Ohio Governor John Kasich (R) tasked local school districts with creating plans to target students at risk of dropping out of school that will keep them on a path to earning a high school diploma in his February 24 state of the state address. He said 24,000 students drop out of high school in Ohio every year, joining the ranks of more than 1 million adults in the state who do not have a high school diploma.
“Dropping out is a dead end. It can lead to a life of unrealized dreams. It can lead to poverty. We need to help get these kids back on track,” Kasich said.
Kasich stressed that districts should think creatively when developing plans to curb the state’s high school dropout rate. He suggested alternative paths to a high school diploma, including real-life job training instead of sitting in a classroom. “We’ve got to have the courage to think outside of the box because we have to reach every student,” he said.
Kasich also wants to target adults without a diploma. He announced plans for an “innovative system” that would allow adults without a high school diploma to work with two-year colleges to receive credentials, job training, and a diploma.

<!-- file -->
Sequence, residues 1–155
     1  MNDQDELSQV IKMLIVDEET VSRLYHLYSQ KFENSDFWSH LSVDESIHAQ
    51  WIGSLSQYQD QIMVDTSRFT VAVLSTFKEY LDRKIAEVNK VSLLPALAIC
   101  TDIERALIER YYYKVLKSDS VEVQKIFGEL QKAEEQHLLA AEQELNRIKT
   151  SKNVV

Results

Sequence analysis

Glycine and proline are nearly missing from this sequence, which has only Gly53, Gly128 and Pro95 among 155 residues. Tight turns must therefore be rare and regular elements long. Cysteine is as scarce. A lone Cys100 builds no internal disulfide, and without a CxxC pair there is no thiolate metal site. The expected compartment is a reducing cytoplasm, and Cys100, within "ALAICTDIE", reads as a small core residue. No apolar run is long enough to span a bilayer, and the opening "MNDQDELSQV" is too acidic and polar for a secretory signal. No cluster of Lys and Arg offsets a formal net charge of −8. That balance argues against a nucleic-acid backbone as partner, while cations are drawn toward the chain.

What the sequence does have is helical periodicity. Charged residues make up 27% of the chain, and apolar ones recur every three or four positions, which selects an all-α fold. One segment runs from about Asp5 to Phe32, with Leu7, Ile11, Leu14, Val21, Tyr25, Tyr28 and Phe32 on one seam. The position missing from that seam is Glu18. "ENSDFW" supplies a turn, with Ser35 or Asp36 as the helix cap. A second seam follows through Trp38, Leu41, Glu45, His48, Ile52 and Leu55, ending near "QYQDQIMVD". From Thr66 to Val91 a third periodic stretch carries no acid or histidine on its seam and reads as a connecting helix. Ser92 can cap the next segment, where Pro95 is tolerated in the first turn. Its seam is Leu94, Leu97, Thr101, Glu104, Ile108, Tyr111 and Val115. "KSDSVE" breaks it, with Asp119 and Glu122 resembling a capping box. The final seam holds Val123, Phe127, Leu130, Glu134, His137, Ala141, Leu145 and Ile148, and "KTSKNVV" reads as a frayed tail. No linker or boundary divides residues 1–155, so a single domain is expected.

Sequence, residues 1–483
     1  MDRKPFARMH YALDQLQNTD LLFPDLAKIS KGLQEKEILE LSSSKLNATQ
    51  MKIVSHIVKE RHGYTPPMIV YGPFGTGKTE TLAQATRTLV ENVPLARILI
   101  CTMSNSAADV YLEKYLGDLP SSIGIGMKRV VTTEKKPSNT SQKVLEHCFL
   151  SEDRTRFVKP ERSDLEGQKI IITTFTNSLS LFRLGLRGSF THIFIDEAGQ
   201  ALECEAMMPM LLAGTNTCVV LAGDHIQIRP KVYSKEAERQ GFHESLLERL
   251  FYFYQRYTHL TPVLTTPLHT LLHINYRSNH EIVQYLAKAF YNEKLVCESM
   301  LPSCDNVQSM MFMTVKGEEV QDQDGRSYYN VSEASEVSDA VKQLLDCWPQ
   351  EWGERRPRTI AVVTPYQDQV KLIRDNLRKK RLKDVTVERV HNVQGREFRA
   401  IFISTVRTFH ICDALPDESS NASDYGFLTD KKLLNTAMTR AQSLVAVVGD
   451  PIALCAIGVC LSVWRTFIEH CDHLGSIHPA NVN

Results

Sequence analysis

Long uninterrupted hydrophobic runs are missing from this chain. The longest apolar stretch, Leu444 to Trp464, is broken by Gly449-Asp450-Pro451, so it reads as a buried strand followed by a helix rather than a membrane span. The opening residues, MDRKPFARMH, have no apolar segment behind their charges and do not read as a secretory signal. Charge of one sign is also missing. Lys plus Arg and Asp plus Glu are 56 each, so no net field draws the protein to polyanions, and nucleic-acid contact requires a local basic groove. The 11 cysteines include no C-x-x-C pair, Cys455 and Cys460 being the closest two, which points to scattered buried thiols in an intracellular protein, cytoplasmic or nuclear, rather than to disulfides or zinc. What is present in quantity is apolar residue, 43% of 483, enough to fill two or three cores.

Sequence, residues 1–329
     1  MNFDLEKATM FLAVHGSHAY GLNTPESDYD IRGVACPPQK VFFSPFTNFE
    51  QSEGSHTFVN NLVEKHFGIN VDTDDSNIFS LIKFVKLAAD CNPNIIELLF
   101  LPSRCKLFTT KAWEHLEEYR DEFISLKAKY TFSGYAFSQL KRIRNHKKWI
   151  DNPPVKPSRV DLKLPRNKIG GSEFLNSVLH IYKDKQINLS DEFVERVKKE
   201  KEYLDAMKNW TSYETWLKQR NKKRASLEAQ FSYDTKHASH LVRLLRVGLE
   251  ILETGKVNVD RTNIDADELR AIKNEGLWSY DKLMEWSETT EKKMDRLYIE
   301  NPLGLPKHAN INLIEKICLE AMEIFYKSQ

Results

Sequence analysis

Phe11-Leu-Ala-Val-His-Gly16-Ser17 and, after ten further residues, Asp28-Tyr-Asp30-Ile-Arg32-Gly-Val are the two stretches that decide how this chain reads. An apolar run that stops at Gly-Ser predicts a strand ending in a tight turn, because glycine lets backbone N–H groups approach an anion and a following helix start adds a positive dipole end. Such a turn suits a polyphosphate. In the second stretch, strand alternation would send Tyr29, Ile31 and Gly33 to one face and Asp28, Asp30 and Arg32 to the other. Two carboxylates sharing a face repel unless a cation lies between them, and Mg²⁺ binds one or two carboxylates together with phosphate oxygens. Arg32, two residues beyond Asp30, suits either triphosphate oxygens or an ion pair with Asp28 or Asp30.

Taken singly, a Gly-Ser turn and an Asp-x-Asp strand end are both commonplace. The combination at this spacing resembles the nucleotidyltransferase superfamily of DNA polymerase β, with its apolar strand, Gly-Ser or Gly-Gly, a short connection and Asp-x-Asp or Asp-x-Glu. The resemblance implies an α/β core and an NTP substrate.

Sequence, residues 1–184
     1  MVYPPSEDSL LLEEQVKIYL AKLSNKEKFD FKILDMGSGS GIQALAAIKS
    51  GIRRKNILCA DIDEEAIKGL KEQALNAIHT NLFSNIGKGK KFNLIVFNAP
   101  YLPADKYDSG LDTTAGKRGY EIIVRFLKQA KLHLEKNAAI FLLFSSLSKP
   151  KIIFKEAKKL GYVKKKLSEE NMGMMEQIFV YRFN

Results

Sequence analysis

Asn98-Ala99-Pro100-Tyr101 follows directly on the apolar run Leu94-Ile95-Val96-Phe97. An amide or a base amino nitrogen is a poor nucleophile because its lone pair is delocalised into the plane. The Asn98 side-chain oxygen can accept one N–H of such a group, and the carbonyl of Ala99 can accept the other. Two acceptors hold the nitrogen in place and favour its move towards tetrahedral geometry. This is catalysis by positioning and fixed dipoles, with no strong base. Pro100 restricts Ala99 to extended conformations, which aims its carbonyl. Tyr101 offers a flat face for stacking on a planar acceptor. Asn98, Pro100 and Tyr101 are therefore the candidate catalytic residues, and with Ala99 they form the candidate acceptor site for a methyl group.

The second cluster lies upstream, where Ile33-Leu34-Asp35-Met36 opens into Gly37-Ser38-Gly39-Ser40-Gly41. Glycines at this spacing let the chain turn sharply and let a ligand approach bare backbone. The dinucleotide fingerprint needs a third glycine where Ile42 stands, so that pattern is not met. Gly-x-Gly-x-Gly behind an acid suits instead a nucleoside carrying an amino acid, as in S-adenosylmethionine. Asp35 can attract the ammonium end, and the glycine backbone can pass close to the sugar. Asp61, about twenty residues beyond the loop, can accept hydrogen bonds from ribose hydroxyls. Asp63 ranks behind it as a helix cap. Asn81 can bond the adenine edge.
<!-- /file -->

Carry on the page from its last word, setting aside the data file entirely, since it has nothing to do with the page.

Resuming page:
As another effort to keep students engaged and in school, Kasich announced a new initiative—Community Connectors—that aims to bring schools, parents, community organizations, faith-based groups, and business leaders together with students in a mentoring program. He requested $10 million from the Ohio state legislature from lottery receipts to fund the mentoring program. Students who take part in Community Connectors would learn workplace etiquette as well as culture and values like hard work, discipline, and personal responsibility.
Kasich went on to stress the importance of dual-enrollment opportunities for students that would allow them to receive high school and college credits simultaneously, both of which would better prepare them for success in higher education.
Finally, Kasich focused on the changing landscape of higher education in Ohio. He announced that public colleges and universities will no longer receive state funding based on enrollment. Instead, the institutions will only be paid when students complete courses and degree programs.
“This is a big deal for our students and our schools,” Kasich remarked.
Kasich ended his remarks on education by stressing the importance of an education system in Ohio that equips every citizen for success throughout their lifetime.
“We must have a system that allows you—in the twenty-first century, in the global marketplace—to consistently upgrade your skills so that you’re in control of your own destiny and one day you don’t wake up and find out you don’t have the skills to compete and win,” Kasich said. “And that is our philosophy. It’s not just K—or pre-K—through J-job. It’s going to be all the way through your lifetime.”